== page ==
Global evidence of extreme intuitive moral prejudice against atheists.
|Type||Article in Periodical|
|Magazine / Source||Nature Human Behaviour|
|MU Faculty or unit|
|Field||Philosophy and religion|
|Keywords||Evolution; Human behaviour; Psychology; Atheism; Prejudice; Representativeness heuristic|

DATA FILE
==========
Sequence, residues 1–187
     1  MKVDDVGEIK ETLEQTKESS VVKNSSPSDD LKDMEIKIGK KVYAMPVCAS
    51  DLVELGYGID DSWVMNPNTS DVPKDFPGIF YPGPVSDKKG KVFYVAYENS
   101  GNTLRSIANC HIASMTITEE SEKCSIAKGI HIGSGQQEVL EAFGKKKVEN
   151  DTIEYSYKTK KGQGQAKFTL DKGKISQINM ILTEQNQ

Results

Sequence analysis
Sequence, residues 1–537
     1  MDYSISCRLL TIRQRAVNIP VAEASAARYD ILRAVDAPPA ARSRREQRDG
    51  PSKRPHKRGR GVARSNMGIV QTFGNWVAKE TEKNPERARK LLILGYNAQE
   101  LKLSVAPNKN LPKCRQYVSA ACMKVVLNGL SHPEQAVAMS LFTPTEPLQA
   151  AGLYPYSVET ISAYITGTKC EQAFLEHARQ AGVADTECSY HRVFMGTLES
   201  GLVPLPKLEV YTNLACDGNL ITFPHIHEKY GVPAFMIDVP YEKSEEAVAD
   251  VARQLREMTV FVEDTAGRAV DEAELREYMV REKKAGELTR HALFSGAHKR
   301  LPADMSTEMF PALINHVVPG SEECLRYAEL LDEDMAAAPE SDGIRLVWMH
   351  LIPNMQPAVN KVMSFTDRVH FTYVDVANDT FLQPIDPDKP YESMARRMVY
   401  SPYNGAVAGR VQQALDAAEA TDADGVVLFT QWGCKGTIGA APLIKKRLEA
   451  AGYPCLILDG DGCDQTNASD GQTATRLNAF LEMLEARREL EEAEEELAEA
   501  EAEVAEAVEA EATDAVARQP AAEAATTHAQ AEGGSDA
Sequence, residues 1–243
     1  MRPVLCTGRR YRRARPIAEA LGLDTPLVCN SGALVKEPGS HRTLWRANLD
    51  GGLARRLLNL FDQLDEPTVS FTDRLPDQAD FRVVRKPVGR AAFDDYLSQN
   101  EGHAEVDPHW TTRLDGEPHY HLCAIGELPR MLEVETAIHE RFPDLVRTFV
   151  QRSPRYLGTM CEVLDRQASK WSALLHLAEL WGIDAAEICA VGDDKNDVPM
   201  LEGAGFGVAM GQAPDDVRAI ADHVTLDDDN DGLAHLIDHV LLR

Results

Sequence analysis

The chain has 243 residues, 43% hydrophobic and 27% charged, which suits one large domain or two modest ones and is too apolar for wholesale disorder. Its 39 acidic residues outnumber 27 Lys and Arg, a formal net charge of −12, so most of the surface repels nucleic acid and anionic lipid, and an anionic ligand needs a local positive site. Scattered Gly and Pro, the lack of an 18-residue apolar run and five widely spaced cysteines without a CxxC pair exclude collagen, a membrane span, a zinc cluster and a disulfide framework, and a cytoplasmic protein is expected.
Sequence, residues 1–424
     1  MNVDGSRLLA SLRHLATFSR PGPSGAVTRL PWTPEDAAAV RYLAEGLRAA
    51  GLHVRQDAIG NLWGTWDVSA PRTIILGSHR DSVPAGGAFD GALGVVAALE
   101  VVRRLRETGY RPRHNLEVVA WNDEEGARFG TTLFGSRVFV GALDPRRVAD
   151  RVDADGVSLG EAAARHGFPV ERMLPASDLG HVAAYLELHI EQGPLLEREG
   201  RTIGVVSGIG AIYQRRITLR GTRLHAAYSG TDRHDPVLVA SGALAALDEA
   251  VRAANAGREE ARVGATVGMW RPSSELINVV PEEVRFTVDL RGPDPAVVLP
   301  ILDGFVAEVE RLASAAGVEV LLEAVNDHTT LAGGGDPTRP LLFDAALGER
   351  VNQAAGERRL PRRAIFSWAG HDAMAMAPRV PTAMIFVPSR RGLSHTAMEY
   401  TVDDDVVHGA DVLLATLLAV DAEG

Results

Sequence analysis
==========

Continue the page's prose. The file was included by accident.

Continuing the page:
|Description||Mounting evidence supports longstanding claims that religions can extend cooperative networks. However, religious prosociality may have a strongly parochial component. Moreover, aspects of religion may promote or exacerbate conflict with those outside a given religious group, promoting regional violence, intergroup conflict and tacit prejudice against non-believers. Anti-atheist prejudice a growing concern in increasingly secular societies affects employment, elections, family life and broader social inclusion. Preliminary work in the United States suggests that anti-atheist prejudice stems, in part, from deeply rooted intu- itions about religion’s putatively necessary role in morality. However, the cross-cultural prevalence and magnitude — as well as intracultural demographic stability — of such intuitions, as manifested in intuitive associations of immorality with atheists, remain unclear.|